Looking for something a little out of the ordinary to do while visiting Michigan? You could give agate hunting a try. If you’re not quite sure what that is, continue reading to learn more:
What is agate?
Agate is a type of cryptocrystalline silica with characteristics of grains and bright colors. This type of rock develops as secondary deposits in vesicles or hollow cavities of rocks. Even though agate can develop in all types of rocks, they are commonly associated with volcanic and metamorphic rocks. Many agates that exist today came from prehistoric volcanic lava formations.
How to spot agate rocks?
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One of the best signs to look for when hunting for agate is their waxy almost polished surface. Most agates are opaque while some are translucent that come in different colors. Iron oxide, a prominent mineral present in agate produces the rust-red and yellow shades in the formations.
However, not all agate have visible bands around them. Sometimes they bear less of their usual patterns, particularly if there’s no crack or break to see inside. Often, the bands may have been peeled away or broken apart. Since agates fill up holes in lava, look for rounded rocks or dimples on the outer surface. Because of these unique features, agate stands out from other rocks but are easy to miss if you don’t know what you’re looking for.
How to hunt for Agate in Lake Superior
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Lake Superior is one of the best places to look for agate rocks. About a billion years ago, volcanic eruptions created distributed these rock formations across the northeastern part of Minnesota and in the northwestern area of Wisconsin. The melting of the Great Ice Age which took place about 10,000 to 15,000 years ago help disperse them through the greater area, including all around Lake Superior.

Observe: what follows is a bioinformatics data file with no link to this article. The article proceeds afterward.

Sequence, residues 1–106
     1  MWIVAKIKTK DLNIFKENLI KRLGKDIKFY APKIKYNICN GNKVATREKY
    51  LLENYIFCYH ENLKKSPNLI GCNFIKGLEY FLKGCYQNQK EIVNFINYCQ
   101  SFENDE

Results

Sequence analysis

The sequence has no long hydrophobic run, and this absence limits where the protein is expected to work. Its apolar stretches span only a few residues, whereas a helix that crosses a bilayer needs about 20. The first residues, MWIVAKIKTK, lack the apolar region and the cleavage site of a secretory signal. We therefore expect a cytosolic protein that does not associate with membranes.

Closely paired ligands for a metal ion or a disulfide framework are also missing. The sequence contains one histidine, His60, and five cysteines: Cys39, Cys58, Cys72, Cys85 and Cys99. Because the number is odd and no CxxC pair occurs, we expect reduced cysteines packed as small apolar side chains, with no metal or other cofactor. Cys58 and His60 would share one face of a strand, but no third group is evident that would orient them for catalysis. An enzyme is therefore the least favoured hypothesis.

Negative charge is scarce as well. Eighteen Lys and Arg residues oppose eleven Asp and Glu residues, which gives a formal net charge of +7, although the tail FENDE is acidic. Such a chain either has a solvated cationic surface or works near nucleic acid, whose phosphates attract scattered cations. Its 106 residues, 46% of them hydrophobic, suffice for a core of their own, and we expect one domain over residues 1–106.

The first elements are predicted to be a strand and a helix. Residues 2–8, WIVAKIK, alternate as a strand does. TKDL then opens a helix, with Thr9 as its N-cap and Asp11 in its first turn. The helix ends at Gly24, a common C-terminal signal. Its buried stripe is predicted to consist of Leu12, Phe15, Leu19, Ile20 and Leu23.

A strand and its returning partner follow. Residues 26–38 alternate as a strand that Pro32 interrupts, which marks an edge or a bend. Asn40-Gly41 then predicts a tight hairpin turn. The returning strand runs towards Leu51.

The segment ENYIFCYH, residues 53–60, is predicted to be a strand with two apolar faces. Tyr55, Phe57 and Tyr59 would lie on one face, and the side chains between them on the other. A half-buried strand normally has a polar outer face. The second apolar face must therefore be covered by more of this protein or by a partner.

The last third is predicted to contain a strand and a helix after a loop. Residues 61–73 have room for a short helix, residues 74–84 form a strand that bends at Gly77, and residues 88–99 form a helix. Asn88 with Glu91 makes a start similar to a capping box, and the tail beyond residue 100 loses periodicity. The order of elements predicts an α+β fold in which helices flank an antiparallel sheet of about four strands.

Hunting agate in beach shores is a fun and fulfilling activity for kids and adults alike. But how do you spot a genuine agate from an ordinary rock? Here are some tips for amateur hunters:
- Morning and late afternoon are the best time to look for agate on beach shores. The sun’s rays can help you distinguish their particular rock pattern. Doing so in the middle of the day may not be very helpful as you need to concentrate finding agate with the sun at your back.
- Try digging down through layers of sand and rock piles instead of walking for miles along the beach shores. This will help you focus on the same spot, not missing or leaving behind unturned spaces. It’s a good strategy too if there are a lot of people trying to find agate the same time as you do.
- Sometimes agate may conceal its true form in a rough brownish and uneven husk. So, don’t just disregard rocks because it doesn’t look like what you see in stores. Try to examine it closer, it might be the precious stone you are looking for.
- The chances of finding agate after a big storm and high waves are higher. Start your search first thing in the morning and be the first person on the beach or as early as the weather allows it.
- It’s easier to find agate just along the beach shores or just under waves because the water clears out impurities and sand. However, more experienced hunters try to look for sparkle or glint reflection from an agate layer in dry rocks.
- Since agate is formed in holes or vesicles in larger rocks, try to look for elongated or uneven shaped ball. An agate usually lies flat and angular in nature but doesn’t have any corners.
- Another trick it is to just look for pretty looking rocks since you might not be sure what kind it will be. There is a huge number of collectible rocks littered across the beach, so the more you collect increases your chances of getting an agate.
Most important of all is that it’s best to not overthink things. Patience, luck and good timing are all you really need for successful agate hunting.
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via LIVNFRESH http://blog.livnfresh.com/finding-agate-lake-superior/